Yesterday, I was playing around with some Lazertran paper that I purchased at my local art supply store and I’m quite pleased with the results. I first saw some finished projects in Paul Wandless’ book Image Transfer on Clay a few weeks ago and decided to give it a go. Lazertran can, however, be used on any number of surfaces besides clay – check out the Lazertran Gallery for specific examples. Pretty exciting!
Using Paul’s book and the instructions on the Lazertran package, I achieved great results:
To keep it simple, I used clip art to start along, with some glazed ceramic canvases that I had already prepared. This is a cold surface technique, meaning that the decal is not fired onto the finished piece. But, since these are meant for the wall and are functional – that is just fine.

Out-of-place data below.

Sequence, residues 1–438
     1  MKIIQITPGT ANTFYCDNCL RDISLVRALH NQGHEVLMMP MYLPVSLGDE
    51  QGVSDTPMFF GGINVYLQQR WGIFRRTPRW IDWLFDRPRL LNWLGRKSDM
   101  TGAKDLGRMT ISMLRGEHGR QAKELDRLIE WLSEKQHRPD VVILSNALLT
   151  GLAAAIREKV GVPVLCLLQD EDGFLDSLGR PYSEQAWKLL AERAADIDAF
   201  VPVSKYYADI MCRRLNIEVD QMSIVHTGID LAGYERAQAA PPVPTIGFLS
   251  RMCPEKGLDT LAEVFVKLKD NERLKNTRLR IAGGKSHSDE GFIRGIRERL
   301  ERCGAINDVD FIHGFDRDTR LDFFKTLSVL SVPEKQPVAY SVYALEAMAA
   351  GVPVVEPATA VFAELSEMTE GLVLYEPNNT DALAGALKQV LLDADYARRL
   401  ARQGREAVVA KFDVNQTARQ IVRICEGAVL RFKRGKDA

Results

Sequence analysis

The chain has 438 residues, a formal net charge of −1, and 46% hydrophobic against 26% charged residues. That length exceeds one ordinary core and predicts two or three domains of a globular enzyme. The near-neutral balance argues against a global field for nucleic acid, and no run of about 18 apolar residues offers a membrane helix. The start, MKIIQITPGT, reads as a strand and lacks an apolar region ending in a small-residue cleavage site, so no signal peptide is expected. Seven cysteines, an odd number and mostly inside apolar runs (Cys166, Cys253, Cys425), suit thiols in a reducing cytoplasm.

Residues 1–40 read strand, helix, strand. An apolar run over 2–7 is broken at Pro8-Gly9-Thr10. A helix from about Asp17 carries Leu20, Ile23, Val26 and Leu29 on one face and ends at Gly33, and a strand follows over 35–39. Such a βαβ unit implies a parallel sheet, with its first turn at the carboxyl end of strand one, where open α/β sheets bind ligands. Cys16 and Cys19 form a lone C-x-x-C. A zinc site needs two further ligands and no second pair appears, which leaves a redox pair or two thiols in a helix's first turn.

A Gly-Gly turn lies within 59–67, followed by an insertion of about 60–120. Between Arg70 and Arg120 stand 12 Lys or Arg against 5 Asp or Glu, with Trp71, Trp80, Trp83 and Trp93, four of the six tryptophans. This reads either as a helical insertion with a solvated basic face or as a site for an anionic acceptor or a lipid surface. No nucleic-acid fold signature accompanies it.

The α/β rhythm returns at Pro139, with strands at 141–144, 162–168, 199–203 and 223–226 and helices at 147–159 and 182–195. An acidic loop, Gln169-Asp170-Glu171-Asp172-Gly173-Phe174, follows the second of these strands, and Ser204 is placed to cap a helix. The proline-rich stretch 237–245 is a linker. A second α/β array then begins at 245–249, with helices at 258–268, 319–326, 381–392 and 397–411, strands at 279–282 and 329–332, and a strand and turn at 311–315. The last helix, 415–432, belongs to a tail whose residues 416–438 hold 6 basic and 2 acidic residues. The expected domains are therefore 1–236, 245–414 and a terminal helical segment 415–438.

Once the decals had dried, I painted on 1 light coat of real turpentine. If you’re going to try this, use the turpentine sparingly – I went over the decals a second time which caused the decal to disintegrate slightly. I don’t think it detracts from the image, but depending on the artist’s intention it could.
After the turpentine had completely dried, I sprayed on a coat of satin polyurethane to seal the image onto the glazed piece. I used Lazertran formulated for inkjet printers which dries white where there are unprinted areas. The polyurethane causes the unprinted parts to become transparent.
I think that there could be a lot of exciting possibilities using this product – including reusing original art, photographs, digital art etc. The sky really does seem like the limit here!
It’s mid-morning on Wednesday and I must get in a few hours in the Studio before taking my daughter and her friend to the Denver Art Museum this afternoon – which should be a muc more enjoyable venture compared to the last time I chaperoned a field trip there.